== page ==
THE owner of a mouse-infested Indian takeaway has been fined £5,700.
Environmental health officers from Portsmouth City Council were tipped off about a rodent problem at Shalimar in London Road, North End.
City magistrates heard that during one visit, an officer saw two mice run across worktops and a hob towards a pile of poppadoms.
Prosecutor Victoria Putnam told the court: ‘The environmental health team received a call about pests. An inspection was carried out by the team.
‘They found the kitchen was in disrepair and there was evidence of mouse activity.’
Miss Putnam explained the business’s old owner took over as the manager, and the council had been under the impression he was still the food business operator.
Because Muhibar Rahman had not registered as a food business establishment owner, no inspection of the premises was carried out by the authority when he took over. She added: ‘Following that, on March 21 the officer returned.
‘Cold water had not been connected to the taps and the walls behind the appliances were not significantly cleaned.
‘Live mice were found on the cooking workstations while there they were holding the meeting. The officer formed the opinion that it posed a risk to customers.’
She said the business was closed for a week following the visit.
Tom Horder, defending, said his client had spent £8,000 on improving the business since the council’s visits.
He told the court his client had been in and out of the country visiting his wife, son and unwell father in Bangladesh over the past few years and had left the day-to-day running of the business down to the takeaway’s manager.
He said Mr Rahman was only visiting the business around once a week, when in the country, because he had a job at another restaurant.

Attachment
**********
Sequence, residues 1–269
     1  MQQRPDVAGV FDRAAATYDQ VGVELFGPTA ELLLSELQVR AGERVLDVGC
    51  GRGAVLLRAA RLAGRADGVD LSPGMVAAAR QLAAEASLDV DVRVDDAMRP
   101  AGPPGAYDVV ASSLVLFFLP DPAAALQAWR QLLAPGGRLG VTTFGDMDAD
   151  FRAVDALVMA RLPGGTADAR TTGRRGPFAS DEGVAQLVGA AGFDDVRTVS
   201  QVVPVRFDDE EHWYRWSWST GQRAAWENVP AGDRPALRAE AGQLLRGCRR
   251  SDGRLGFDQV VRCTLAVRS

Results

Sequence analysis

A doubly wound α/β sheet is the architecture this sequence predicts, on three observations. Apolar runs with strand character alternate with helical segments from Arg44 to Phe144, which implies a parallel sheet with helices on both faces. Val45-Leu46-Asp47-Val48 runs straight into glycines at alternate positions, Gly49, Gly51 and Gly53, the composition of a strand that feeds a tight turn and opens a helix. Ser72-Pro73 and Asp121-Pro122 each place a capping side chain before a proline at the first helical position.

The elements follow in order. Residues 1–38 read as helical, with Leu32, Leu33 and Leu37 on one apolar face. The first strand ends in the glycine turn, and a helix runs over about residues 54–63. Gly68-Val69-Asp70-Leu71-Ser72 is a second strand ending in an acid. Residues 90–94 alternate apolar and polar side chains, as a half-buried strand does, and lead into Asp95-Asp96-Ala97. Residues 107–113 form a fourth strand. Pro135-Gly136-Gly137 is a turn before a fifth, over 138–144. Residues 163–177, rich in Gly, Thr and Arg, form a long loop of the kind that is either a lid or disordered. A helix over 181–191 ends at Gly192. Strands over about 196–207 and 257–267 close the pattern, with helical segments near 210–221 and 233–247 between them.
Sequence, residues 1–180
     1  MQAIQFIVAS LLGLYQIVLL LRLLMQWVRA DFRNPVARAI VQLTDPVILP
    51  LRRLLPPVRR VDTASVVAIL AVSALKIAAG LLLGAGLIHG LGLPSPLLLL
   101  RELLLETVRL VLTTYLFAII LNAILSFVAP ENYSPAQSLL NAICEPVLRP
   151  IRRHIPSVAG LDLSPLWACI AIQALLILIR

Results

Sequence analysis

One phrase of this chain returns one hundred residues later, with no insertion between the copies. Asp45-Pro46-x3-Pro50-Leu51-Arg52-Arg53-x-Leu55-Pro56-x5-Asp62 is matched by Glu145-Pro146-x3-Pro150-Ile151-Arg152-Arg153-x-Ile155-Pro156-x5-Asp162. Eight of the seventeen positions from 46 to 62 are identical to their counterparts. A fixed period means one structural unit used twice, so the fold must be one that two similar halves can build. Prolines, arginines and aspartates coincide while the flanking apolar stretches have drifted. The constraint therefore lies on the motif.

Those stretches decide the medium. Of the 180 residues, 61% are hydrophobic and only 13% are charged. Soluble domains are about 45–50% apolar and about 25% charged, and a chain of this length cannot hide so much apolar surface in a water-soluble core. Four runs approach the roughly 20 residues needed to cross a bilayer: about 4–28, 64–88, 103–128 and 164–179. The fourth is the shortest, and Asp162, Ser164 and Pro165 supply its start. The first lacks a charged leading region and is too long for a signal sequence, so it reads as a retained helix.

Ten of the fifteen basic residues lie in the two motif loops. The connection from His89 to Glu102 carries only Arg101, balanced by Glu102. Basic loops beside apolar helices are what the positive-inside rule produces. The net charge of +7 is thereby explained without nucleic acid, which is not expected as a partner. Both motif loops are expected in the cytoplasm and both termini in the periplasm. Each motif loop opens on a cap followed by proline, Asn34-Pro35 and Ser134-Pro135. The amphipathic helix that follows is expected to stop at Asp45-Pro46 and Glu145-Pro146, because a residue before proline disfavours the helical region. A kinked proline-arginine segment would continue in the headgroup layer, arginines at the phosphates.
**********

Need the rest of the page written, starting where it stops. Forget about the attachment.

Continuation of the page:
He said: ‘In 2011, the manager’s father died. He took his eye off the ball and found life very difficult. It is acknowledged that things were not done and not kept up to scratch because he did not have a grip on what was going on.’
Mr Horder said his client had used £8,000 from the company’s profits to improve the kitchen and other areas of the restaurant.
He said his client now visits the takeaway three or four times a week and has a more hands-on approach.
Mr Rahman pleaded guilty to four offences under health and hygiene laws and to not registering as the owner of a food business establishment.
He was fined £4,500 and told to pay prosecution costs of £1,126.77 and a £100 victim surcharged.
After sentencing, Alan Cufley, head of environmental health at the city council, said: ‘We will always work with businesses to improve hygiene and safety regimes where problems are found.
‘However, the issues found at the Shalimar were a repeat case of disregard for food safety over a period of time with the business failing to engage with us when the issues first came to light.
‘In these circumstances it was necessary for the council to take formal action to protect the health and safety of the Shalimar’s customers.’
No-one at Shalimar was available for comment.